Lasagna – what to do with the tomato sauce?


Now that we’ve mastered the art of the can opener by making the tomato sauce, the next basic skill a master chef must acquire is opening the box. Then the answer to the question, “What to do with the tomato sauce?”  is, lasagna.

9 lasagna noodles – count them, not one more and not one less
1 pot tomato sauce – see previous post
1 15 oz container ricotta cheese
1 lb mozzarella cheese – pre-sliced or pre-shredded will save you a little work
some grated Parmesan cheese


I prefer to stay away from the newer varieties of  lasagna noodles (does anyone really call them noodles?), staying with the  traditional supermarket  lasagna  made with durum and semolina wheat (read the ingredients on the box).  If you insist, you may put from 3/4 to 1 pound of cooked ground meat in the sauce.  Make sure you cook the ground meat first.  Let it meld with simmering sauce about 20 minutes to get some flavor into the meat.

Cook the lasagna according to the package directions, but for about 1 minute less than the box says.  Remember, nine (count  ’em) noodles.  I usually hit the cooked  lasagna with a quick spray of cold water while they’re draining in the colander to; stop them from cooking, remove any stickiness, and to make them easier (cooler) to handle.


Coat the bottom of a  roughly 8 by 12 by 2  inch microwave safe baking dish with a really thin layer of the sauce.  Yes, lasagna sacrilege is about to take place in a few more sentences.  If you haven’t figured it out, the correct cooking vessel for this is the old glass baking dish that’s stored at the bottom of your stove or hidden in the back of a closet or that possibly your husband borrowed to drain the oil from his motorcycle.  In the later case, clean well or buy a new one.  And, go easy on the husband.

Place 3 (count ’em again,  three) cooked lasagna side by side in the bottom of the baking dish, the long way.  Fluff up the ricotta cheese with a fork and take 1/3 of the ricotta and spread it out as evenly as possible over the lasagna in the baking dish.  Take a 1/3 of the sauce and spread it out over the ricotta.  Sprinkle with Parmesan cheese.  Spread 1/3 of the mozzarella over the  sauce.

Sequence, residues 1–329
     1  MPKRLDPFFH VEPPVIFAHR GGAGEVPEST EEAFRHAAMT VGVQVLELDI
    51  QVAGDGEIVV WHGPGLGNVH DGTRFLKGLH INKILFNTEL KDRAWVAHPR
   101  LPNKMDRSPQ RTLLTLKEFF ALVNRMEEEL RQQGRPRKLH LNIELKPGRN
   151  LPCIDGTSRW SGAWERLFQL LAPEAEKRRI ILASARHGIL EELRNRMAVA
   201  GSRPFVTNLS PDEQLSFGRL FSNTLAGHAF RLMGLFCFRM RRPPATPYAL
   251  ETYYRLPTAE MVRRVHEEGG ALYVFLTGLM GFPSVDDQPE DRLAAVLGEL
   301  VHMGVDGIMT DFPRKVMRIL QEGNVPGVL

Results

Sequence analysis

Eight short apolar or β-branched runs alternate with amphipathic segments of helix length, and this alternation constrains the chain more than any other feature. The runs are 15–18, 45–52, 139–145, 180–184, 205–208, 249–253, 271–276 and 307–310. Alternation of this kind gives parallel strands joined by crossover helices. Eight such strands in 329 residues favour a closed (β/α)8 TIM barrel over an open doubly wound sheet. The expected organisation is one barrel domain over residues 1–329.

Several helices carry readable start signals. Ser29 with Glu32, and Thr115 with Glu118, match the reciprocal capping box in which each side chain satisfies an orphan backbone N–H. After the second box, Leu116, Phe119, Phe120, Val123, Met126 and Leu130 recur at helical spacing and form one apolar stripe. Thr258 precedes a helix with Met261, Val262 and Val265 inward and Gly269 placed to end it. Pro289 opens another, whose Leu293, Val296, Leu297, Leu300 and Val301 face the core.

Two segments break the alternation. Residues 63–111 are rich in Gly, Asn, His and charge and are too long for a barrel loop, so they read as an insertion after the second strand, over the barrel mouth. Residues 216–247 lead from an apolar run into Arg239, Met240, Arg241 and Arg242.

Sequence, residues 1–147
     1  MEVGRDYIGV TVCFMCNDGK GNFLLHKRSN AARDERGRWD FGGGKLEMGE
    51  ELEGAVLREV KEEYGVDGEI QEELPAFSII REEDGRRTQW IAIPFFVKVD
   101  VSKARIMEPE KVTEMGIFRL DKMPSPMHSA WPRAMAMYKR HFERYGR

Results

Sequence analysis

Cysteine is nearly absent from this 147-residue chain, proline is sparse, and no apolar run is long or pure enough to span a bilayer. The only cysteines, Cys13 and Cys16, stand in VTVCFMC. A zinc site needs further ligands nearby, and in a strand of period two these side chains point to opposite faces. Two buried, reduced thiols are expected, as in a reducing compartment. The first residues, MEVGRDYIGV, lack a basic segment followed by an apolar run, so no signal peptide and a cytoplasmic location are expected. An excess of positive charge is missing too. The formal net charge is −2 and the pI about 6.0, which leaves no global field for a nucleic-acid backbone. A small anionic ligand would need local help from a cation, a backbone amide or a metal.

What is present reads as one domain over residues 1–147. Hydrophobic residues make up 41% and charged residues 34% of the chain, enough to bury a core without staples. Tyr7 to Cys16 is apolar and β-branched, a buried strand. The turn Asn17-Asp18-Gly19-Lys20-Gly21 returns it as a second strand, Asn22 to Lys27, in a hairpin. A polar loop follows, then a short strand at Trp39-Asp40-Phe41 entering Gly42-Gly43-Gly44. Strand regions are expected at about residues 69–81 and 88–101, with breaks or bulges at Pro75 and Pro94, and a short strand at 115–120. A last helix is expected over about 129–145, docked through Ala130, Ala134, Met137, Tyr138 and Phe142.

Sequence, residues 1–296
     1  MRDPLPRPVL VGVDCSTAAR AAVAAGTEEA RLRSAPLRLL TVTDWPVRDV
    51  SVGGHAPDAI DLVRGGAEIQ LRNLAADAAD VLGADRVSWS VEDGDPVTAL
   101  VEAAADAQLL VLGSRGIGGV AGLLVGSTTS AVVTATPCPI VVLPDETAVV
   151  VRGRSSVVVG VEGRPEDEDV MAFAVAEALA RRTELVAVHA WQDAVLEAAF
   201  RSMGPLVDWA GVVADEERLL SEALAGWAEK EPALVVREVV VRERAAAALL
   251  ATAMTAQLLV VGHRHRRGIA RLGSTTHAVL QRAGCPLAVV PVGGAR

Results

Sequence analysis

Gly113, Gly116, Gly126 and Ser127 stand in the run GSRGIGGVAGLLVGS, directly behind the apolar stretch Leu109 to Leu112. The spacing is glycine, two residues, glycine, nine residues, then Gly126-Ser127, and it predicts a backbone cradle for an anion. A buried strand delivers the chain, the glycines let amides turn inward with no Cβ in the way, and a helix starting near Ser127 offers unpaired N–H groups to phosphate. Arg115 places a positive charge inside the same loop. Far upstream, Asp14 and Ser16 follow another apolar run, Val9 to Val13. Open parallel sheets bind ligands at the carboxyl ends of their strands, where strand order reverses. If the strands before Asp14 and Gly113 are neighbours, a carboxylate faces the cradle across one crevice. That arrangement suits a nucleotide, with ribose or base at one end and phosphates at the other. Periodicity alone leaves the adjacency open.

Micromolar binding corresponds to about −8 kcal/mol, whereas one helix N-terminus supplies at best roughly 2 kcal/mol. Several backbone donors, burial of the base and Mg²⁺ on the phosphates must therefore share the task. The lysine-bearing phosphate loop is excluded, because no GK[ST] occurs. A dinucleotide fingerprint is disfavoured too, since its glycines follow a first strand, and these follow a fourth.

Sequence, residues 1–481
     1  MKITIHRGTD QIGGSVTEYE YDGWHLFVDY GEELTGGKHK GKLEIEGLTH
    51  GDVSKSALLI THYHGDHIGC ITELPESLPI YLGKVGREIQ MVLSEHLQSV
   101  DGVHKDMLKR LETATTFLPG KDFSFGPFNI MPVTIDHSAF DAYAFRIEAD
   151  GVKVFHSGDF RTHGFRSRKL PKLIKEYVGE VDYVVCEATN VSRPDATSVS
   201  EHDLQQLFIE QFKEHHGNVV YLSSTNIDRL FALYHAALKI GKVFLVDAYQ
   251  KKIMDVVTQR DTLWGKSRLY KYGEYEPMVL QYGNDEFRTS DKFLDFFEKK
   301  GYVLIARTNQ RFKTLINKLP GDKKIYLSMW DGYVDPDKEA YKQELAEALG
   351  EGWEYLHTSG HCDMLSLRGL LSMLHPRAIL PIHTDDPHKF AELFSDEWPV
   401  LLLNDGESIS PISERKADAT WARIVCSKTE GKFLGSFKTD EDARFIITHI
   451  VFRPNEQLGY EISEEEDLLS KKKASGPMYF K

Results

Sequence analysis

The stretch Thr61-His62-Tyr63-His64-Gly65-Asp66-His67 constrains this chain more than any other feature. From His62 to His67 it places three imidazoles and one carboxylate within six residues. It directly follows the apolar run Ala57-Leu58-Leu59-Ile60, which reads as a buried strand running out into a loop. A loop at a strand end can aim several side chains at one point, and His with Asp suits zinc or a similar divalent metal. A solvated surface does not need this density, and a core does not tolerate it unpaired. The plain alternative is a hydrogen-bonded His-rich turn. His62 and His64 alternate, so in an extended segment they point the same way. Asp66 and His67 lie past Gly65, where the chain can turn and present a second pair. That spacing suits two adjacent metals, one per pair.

Second layer, same as the first: 3 lasagna, 1/3 ricotta, 1/3 sauce, sprinkle Parmesan, 1/3 mozzarella.

Third layer, is an exception.  Add the third layer just as the second layer, but hold the final 1/3 of the mozzarella.

Now the sacrilege.  Take the microwave safe baking dish with the layered lasagna, cover with plastic wrap, cook in the microwave for about 10 minutes on high.  Remove the dish from the microwave, remove the plastic wrap, spread the remaining 1/3 mozzarella  over the top layer.  Cook again in the microwave for about 2 minutes (no plastic wrap this time) to melt the top layer of mozzarella.  Let it cool and set up for about 10 minutes.  This allows easier cutting and helps keep the ingredients from running out from between the lasagna.  I usually cut into 8 pieces.   Slice once down the middle, the long way.  Then 3 equal cuts the short way.   Use your chef’s knife.  Remember the chef’s knife?  A small 2 inch wide spatula helps get the slices out of the dish keeping the layers intact.  Why keep the layers intact?  Because they look so good.

More Notes:

The cooking time here assumes all items will be prepared at the same time and combined in the layers while still hot (sauce and lasagna).  If you prepare some in advance, adjust accordingly.  Traditionally lasagna is baked in the oven at about 350 degrees for about 45 to 50 minutes, instead of heating in the microwave.  Aside from the S&M among us, why torture others and yourself by waiting so long?

Lessons Learned:

1.  How to open a box.  The lasagna box in this case.

2.  Another use for a chef’s knife.

3.  Another use for that old glass baking dish and why it’s always been hidden somewhere.

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